The new production of Lucia, I can’t wait to sing with those colleagues and Maestro Luisotti. The double bill in December of the Usher opera – I didn’t even know of the existence of that opera until it was brought to my attention. But that will be a fascinating night for me, as I’ll be paying the same character in two different operas.
EH: On the subject of Enrico in Lucia di Lammermoor, is there anything in your development as a singing actor that has changed or matured since you last played the role ? How will you attack it differently ? Historically, which singer’s portrayal, their musical decisions, have influenced your own ?
Mulligan: I actually don’t really draw very much from historic performances. I respect every artist for who they are. Every single artist is their own unique artist unto themselves. That’s why people still want to hear Lucia -- they’re hearing it with a different voice. I would say that I have probably sung Enrico more than any other – Toronto, Chicago, DC, London, etc. I am constantly evolving as a person and as an artist, and my voice is developing too.
I think it remains to be seen in this production, because we haven’t done rehearsals yet, about how it will challenge me this time. In Lucia, I believe I’m actually going to be albino. I have an albino wig that they’ve already fitted for me, but I haven’t thought of how being an albino person would affect your personality and how you interact with other people. It certainly is a challenging role to sing, but all of the other performances and life experiences I’ve had since the last time I sang will certainly make a difference in how I sing it this time. Some parts will be easier, some harder. I hope to find new things in the character and the music, which will undoubtedly happen. When you collaborate with people as talented as the team at SFO, they’re going to have ideas about the piece that may have never occurred to you before, which is hugely enticing. I love to have new ideas, and I love to collaborate and think of a character I’ve never thought of.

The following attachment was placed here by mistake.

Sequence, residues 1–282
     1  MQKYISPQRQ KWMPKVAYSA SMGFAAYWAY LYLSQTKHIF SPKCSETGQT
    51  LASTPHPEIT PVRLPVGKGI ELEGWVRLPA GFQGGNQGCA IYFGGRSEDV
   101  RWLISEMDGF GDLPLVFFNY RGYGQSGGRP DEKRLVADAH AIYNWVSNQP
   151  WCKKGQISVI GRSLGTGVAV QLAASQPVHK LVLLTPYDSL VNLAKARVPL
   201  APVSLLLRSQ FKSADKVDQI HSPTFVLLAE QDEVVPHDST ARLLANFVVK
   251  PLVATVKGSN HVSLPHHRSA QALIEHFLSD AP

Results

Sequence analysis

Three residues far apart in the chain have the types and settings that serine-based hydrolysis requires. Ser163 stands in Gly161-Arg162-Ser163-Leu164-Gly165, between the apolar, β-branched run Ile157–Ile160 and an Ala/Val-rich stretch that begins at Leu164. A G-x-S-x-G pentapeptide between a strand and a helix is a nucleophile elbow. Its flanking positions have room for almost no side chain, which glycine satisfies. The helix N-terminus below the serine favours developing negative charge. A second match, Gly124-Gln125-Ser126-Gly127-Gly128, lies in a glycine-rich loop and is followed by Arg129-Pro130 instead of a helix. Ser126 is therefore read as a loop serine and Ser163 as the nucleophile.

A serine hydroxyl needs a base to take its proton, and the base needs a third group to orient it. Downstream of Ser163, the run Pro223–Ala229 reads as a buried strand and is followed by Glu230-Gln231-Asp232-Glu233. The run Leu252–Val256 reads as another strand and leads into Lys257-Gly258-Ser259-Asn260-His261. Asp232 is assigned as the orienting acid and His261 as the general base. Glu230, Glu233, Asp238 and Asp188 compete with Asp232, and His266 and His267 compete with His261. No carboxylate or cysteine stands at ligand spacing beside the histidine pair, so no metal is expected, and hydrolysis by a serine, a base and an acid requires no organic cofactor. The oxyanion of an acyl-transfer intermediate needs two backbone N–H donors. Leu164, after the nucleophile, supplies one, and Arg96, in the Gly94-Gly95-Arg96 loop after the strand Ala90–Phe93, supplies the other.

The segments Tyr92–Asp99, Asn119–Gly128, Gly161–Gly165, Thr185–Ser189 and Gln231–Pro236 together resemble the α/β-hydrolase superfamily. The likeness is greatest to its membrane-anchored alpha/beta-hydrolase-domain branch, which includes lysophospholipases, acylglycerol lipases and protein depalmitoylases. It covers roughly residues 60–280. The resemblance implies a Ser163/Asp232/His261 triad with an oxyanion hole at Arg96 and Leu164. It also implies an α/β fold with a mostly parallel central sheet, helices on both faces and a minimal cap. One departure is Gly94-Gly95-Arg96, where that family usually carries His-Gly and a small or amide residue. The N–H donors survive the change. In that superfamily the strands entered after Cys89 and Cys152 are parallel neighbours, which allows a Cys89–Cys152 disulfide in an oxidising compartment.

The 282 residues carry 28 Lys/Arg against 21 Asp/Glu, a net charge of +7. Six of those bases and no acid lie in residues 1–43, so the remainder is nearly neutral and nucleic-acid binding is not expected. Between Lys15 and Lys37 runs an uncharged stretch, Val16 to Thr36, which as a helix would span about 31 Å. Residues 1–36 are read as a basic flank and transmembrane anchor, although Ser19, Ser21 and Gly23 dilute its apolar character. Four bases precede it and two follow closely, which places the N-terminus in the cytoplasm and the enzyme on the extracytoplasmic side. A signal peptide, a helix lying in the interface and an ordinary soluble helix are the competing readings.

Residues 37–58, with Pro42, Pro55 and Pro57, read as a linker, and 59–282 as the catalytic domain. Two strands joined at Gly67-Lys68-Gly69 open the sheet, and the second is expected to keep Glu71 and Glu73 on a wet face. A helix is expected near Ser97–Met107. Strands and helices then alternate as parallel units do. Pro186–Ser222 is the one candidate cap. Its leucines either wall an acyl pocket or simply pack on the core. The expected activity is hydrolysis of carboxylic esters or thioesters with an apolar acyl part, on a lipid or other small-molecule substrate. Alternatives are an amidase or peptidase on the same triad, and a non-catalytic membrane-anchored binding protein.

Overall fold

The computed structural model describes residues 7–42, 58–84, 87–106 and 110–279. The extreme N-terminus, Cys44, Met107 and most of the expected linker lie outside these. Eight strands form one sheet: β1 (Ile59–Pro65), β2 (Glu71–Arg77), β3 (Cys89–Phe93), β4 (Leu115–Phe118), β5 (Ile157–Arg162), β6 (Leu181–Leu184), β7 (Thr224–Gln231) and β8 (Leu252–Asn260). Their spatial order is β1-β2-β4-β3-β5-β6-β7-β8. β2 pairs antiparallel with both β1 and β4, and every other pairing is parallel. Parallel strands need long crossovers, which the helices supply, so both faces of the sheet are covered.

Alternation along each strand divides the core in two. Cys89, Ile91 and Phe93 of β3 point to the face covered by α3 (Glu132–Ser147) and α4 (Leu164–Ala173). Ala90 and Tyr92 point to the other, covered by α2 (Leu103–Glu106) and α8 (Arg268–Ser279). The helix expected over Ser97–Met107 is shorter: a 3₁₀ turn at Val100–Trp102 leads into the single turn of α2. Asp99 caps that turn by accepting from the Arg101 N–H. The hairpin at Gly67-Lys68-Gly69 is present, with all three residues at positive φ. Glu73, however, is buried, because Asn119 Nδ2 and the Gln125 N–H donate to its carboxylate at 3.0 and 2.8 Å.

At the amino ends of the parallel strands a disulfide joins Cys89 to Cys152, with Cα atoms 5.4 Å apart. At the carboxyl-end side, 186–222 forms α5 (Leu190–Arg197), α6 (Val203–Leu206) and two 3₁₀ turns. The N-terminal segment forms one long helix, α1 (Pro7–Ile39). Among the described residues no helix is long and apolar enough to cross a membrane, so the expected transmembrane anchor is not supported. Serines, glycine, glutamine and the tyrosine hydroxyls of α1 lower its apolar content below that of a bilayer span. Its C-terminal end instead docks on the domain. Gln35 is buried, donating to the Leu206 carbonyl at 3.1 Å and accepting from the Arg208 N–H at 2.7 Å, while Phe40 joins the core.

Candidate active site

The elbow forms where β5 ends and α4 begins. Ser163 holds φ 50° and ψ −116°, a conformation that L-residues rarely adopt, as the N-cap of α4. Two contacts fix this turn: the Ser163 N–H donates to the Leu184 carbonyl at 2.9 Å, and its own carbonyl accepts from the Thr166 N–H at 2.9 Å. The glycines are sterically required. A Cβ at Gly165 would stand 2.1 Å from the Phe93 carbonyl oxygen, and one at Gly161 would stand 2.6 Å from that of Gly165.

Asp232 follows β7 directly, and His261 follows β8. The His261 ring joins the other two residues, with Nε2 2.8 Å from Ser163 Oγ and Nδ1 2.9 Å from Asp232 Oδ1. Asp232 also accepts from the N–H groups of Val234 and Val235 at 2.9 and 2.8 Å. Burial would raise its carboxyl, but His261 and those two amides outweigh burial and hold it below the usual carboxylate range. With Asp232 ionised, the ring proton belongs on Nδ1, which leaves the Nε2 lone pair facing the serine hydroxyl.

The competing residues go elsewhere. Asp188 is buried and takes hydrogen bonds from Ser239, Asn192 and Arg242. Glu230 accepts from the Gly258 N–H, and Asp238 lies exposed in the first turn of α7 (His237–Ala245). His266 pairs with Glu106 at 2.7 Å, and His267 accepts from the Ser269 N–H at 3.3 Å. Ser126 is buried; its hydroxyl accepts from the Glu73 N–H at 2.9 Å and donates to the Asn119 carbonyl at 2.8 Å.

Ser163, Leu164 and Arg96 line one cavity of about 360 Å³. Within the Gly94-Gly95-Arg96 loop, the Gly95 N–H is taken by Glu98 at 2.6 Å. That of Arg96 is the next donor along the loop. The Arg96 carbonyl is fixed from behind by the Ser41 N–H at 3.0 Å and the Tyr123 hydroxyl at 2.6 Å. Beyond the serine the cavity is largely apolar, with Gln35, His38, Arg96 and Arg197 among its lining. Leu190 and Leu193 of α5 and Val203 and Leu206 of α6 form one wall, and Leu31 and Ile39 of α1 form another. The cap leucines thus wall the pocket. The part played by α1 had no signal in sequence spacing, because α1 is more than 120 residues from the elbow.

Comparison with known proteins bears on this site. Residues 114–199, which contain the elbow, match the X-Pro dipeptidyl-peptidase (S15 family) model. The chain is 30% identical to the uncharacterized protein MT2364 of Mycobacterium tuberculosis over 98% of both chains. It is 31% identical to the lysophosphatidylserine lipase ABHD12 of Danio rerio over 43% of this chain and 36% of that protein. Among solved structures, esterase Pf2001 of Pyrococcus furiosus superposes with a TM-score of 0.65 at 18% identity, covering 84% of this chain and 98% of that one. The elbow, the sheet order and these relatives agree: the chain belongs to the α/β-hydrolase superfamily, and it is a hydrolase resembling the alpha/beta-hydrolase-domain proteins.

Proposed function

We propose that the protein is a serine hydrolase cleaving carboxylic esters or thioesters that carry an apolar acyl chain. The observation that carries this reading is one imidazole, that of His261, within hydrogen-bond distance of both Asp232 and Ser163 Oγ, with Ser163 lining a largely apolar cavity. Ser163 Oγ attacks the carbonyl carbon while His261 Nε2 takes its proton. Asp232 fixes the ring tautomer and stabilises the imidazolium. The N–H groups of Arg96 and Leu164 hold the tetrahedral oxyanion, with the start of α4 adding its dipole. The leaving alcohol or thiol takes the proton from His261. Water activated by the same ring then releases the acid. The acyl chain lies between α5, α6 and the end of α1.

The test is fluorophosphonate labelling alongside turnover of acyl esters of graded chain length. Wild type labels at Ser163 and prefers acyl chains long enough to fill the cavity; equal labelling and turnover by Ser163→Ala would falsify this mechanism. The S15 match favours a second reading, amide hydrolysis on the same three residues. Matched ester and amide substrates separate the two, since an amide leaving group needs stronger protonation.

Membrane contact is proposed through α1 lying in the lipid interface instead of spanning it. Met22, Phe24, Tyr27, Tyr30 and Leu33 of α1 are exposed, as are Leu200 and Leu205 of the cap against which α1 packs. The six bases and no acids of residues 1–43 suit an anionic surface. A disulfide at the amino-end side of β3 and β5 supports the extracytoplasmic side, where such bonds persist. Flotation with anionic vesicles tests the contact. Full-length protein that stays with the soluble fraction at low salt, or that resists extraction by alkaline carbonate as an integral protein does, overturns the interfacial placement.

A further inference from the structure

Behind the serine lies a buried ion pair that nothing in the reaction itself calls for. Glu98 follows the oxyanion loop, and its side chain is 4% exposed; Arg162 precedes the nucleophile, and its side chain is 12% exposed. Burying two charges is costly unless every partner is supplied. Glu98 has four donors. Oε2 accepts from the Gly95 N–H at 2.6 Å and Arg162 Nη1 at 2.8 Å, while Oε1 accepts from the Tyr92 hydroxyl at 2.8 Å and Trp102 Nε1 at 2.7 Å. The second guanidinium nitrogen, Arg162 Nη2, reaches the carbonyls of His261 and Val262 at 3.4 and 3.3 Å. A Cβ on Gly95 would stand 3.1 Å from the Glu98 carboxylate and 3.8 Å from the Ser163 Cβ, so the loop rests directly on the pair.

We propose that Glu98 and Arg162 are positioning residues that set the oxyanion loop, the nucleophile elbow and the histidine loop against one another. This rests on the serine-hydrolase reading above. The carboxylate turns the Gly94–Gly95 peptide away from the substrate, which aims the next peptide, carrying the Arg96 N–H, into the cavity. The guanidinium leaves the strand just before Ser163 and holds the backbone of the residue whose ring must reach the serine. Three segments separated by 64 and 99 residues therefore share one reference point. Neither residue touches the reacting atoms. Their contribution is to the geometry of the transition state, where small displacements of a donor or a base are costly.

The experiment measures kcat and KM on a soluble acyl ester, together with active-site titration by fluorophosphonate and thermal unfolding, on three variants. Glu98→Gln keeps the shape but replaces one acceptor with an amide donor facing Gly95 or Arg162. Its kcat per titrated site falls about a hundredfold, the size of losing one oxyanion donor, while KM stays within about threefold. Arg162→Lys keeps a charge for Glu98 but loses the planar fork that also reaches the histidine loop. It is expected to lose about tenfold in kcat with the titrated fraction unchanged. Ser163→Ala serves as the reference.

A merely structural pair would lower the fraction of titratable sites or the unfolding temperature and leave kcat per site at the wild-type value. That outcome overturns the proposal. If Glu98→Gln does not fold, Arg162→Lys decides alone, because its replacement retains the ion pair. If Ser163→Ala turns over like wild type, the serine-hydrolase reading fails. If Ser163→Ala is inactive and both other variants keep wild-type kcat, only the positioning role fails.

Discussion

EH: There are many who fear for the future of the art form and classical music in general. What are your personal thoughts on this matter, and what can be done to alter the course ?
Mulligan: Well, I think that as long as ideas keep happening, as long as the art form keeps attracting innovators, artists, and people who want to see the art form thrive, we’ll be okay. There are a lot of young singers who are trying to break into the industry, which is encouraging, but in some ways frightening, as there aren’t enough spots for everyone.
There isn’t really anything else like opera. This is it. This is where you’ll see singing like this, innovative stage craft that combines amazing orchestrations, and in some cases, ballet. Live theater is irreplaceable, and what I think is that getting people to go out and experience live theater is something that once they do it, it can become addictive. It is unique as an art form and as entertainment, and I think this will keep it alive.
EH: Ideally, what is the impression you strive to make when you’re on stage ?
Mulligan: I learned that I need to be root for my character, even if no one else in the audience does. I need to understand where he is coming from, what he wants, rationalize everything about who he is, and support it. It can take quite a while to get to that point (laughs). What that whole process means is melding Brian, personally, with the character, and understand the choices they make and how I could understand them.
With Sweeney, that’s reconciling ‘Would I be capable of murder, slitting their throats, etc.’, and that’s a very tough thing to come to grips with (laughs). I spent a lot of time looking at the score, the text, trying to see what my character is saying, trying to really understand who we are. After that process, I spend a lot of time making sure that in everything I say and do as the character, that my intention is 100% known to me.
I feel that then the audience will be able to be along for the ride with me, that it will read even in a house as large as the SFO. It’s a lot of back work, sitting with the book, etc. If there’s original source material, I will read all of it, find out what inspired the composer to create the character they created - if not the composer, then the author or whoever, the librettist. I spend a lot of nerdy time studying my score, and honestly, I study my score through the final performance. If you come to my dressing room, the score will be open on my table. I am constantly trying to figure out what the composer and the librettist thinks of them.
EH: Brian, thank you for taking the time. Best of luck to you in San Francisco this season.
Mulligan: Thanks, Elijah. It was a pleasure speaking with you.